This past Saturday Raymond and I went to an auction sale at the former home of some old friends of my family, the Melbournes. John and Evelyn Melbourne were quite an elegant couple who had moved to a very nice Victorian home on Hart’s Road (between Madoc and Queensborough, and not far from Hazzards Corners). At the time (I was quite young, remember) I didn’t know – or didn’t pay attention to – who they were and where they had come from, but thanks to the things that were up for sale at the auction I learned (and in some cases remembered) some things about that remarkable couple. More on that, and the auction, and the kinship between my dad and Mr. Melbourne (they were both interested in all manner of things, including machinery) anon; this post is about a very special thing that I was lucky enough to be able to buy at the auction.
It is a painting of a section of the Melbournes’ property by someone I knew and loved: Vera Burnside. Vera was a teacher at Madoc Township Public School, a Sunday School teacher at St. Andrew’s United Church in Queensborough – and I think that if you looked up the phrase “salt of the earth” in the dictionary, Vera’s picture would be there. She was smart, kind, gentle and lovely. And talented at many things, including painting.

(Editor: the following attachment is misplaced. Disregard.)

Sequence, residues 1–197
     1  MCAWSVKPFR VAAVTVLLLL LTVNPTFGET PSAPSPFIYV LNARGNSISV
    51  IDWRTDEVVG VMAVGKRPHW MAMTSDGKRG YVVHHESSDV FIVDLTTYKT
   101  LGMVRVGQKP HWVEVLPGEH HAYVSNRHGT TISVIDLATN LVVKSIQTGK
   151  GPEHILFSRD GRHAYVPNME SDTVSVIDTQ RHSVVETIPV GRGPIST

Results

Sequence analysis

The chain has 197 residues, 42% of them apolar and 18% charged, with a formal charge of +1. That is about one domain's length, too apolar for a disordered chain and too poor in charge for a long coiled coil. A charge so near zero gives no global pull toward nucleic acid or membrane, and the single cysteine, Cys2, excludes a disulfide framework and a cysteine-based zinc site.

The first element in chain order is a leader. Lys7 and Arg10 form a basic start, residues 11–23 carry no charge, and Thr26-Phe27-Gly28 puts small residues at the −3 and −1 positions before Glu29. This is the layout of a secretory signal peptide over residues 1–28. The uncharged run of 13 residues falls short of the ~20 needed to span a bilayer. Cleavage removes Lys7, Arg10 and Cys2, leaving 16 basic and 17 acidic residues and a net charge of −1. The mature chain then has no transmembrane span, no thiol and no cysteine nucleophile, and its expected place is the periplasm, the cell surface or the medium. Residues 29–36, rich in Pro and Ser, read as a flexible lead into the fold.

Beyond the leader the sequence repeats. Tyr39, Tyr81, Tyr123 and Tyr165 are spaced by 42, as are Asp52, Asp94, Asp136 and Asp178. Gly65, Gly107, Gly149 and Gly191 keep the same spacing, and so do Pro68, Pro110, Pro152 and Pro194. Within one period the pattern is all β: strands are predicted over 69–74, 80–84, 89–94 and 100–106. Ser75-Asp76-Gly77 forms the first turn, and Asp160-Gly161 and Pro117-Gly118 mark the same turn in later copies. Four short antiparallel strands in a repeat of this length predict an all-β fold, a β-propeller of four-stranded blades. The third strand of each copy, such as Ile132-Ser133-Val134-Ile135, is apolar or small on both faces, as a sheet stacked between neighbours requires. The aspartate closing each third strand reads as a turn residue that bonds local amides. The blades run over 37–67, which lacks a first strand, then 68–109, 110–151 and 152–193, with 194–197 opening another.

On the back of the painting that I bought at the Melbourne auction is written, in Vera’s hand, “View of Melbourne’s Hill from Hazzard’s Road … Vera Burnside, Spring/79.” I think Mr. Melbourne had died by 1979, but perhaps Mrs. Melbourne or their son, who took over as the property’s owner, commissioned it from her – or perhaps she just painted it for fun (the view would be more or less from the back of the home of Vera and her husband, Max) and the Melbournes subsequently acquired it.
Anyway, on Saturday evening after the auction, when Raymond had hung it in the dining room of the Manse, I couldn’t stop looking at it. The shadows on the snow, and the light in general, are beautiful. And it is a place that we know, painted by a person I knew and respected more than anything. It is lovely to have.
And I like to think that Vera Burnside would be happy to know that her painting has found a new home at the Manse. And that her old Sunday School student is thinking of her every time she sees it.